With the rear seats up, the Sport Wagon provides 25 cubic feet of cargo space — that's more than an A4 Avant and about the same as an FX35. Flip them down and you'll have 58 cubes, which is 7 cubes more than you'll find in the A4 and 4 cubes shy of the FX35's maximum. Notably, the cargo floor is dead flat when the seats are down and features adjustable tie-downs on either side.
Design/Fit and Finish
The Sport Wagon mostly boasts the same clean, chiseled lines as the sedan, and even with the wagon roof line still manages to have a jaunty, sporty presence. Though the rearmost side window is canted aggressively, the trailing edge of the roof line is more vertical, which optimizes cargo room. The stacked headlights and large egg-crate grille — both part of Caddy's newest design language — work well here, and the car's proportions are spot-on. Somehow the CTS Sport Wagon manages to look lower and sleeker than an equally long but taller crossover, while providing nearly identical passenger and cargo space.
The cabin design is likewise a feather in the CTS's cap, an interesting mix of textures and shapes arranged in a cohesive manner. The materials are mostly quality pieces, with just a few minor missteps. Lustrous wood accents abound, and nearly the whole dash top is covered in handsomely stitched, soft-touch vinyl, though the hood over the instruments is hard plastic. Overall fit and finish is very good.
Who should consider this vehicle
If you're a casual driving enthusiast who wants a wagon with a decidedly new-age Cadillac flavor — that is to say not subtle yet not overdone — the CTS Sport Wagon should offer strong appeal. If you demand a more involving drive from your set of wheels, then we'd strongly suggest back-to-back test-drives with the rivals mentioned earlier.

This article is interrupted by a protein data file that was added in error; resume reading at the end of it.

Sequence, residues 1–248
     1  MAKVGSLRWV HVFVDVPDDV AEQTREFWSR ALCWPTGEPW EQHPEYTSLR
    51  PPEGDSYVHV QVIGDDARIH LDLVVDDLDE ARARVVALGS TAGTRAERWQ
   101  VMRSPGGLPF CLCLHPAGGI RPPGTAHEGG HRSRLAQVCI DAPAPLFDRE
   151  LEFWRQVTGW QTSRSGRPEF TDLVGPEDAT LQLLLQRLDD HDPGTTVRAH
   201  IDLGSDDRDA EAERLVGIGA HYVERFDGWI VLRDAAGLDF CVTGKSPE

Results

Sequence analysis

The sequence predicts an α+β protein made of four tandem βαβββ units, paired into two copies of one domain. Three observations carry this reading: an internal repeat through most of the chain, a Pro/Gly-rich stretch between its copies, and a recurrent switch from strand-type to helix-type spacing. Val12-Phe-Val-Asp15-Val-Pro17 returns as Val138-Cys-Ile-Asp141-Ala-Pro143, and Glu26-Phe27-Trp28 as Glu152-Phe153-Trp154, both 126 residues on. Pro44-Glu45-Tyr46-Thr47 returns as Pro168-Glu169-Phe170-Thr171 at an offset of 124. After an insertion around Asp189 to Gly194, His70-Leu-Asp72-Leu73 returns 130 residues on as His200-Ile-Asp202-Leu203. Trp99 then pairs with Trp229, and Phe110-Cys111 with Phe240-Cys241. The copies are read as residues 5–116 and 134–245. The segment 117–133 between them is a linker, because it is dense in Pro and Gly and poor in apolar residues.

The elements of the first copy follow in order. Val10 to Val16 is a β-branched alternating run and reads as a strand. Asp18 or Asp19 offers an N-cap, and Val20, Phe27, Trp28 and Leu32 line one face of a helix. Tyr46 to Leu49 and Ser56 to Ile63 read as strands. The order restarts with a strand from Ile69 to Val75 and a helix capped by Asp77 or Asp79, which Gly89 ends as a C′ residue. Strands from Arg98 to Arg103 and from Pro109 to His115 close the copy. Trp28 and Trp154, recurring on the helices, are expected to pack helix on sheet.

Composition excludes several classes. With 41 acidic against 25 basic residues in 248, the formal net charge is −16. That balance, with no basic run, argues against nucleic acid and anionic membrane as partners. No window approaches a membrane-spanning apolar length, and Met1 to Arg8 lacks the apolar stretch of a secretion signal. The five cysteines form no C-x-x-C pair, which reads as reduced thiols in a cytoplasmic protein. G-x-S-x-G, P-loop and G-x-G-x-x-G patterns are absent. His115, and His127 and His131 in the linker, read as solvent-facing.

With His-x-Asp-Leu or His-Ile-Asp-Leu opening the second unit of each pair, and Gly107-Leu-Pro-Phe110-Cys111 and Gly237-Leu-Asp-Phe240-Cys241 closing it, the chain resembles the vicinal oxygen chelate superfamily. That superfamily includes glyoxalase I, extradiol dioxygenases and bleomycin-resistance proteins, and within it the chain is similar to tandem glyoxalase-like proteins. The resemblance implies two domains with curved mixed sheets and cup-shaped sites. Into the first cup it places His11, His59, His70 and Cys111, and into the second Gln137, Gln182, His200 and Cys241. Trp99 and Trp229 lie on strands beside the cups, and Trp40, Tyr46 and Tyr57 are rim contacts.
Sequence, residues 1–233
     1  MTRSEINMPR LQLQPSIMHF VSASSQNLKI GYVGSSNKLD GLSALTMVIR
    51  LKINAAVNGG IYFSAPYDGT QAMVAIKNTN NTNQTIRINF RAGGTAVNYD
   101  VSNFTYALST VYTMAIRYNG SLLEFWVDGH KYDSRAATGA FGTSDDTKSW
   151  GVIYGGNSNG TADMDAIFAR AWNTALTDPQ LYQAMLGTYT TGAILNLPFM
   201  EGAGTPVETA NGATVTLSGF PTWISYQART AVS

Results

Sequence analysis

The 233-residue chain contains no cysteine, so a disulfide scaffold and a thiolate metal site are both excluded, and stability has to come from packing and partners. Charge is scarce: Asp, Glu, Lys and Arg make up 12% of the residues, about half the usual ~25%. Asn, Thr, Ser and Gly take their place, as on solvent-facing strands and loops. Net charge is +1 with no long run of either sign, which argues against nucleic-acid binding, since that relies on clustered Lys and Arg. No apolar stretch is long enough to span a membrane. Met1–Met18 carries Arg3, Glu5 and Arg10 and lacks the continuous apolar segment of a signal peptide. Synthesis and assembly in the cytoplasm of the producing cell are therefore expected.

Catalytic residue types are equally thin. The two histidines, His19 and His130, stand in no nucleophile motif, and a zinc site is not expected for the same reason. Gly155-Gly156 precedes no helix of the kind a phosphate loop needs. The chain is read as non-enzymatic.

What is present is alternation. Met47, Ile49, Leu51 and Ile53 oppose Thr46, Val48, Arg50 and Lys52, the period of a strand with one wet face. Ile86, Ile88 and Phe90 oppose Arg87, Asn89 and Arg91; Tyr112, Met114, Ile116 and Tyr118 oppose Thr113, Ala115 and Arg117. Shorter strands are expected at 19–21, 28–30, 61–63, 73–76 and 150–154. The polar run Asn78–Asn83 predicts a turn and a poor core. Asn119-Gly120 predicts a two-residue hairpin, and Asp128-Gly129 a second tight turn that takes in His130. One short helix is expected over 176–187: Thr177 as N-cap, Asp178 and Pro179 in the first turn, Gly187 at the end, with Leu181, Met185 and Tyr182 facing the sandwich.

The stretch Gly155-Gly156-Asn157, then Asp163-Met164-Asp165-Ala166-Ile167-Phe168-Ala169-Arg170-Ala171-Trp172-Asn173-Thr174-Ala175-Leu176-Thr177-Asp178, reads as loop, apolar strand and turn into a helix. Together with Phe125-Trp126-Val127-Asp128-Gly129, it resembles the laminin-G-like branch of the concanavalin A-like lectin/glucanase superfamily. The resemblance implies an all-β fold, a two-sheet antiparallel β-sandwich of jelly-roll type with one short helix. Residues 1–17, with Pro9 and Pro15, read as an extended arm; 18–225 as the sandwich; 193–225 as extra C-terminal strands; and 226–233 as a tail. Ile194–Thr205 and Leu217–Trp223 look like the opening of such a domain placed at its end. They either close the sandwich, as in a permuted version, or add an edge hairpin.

The manufacturer provided Edmunds this vehicle for the purposes of evaluation.
What's a good price on a used 2010 Cadillac CTS ?
Price comparisons for used 2010 Cadillac CTS trim styles:
The used 2010 Cadillac CTS Luxury is priced around $11695 with average odometer reading of 92634 miles.
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What options are available on the 2010 Cadillac CTS?
Available Cadillac CTS 2010 Submodel Types: Wagon
Available Cadillac CTS 2010 Trims: Luxury
Exterior Colors: White Diamond Tricoat, Black Raven, Thunder Gray ChromaFlair
Popular Features: Back-up camera, Fold Flat Rear Seats, Remote Start, AWD/4WD, Alarm, Audio and cruise controls on steering wheel, Auto Climate Control, Aux Audio Inputs, Bluetooth, Heated seats, Leather Seats, Multi-Zone Climate Control, Post-collision safety system, Power Driver Seat, Power Liftgate/Trunk, Rear Bench Seats, Stability Control, Sunroof/Moonroof, Tire Pressure Warning, Trip Computer
Engine/Mechanics: 6 cylinders
Fuel Types: regular unleaded
Drivetrains: all wheel drive
used 2010 Cadillac CTS Overview
The used 2010 Cadillac CTS is offered in the following submodels: Wagon. Available styles include Luxury 4dr Wagon (3.0L 6cyl 6A), Premium 4dr Wagon (3.6L 6cyl 6A), and Luxury 4dr Wagon AWD (3.0L 6cyl 6A). Pre-owned CTS models are available with a 0-liter gas engine, with output up to 0 hp, depending on engine type. The used 2010 CTS comes with rear wheel drive or all wheel drive. Available transmissions include: 6-speed shiftable automatic.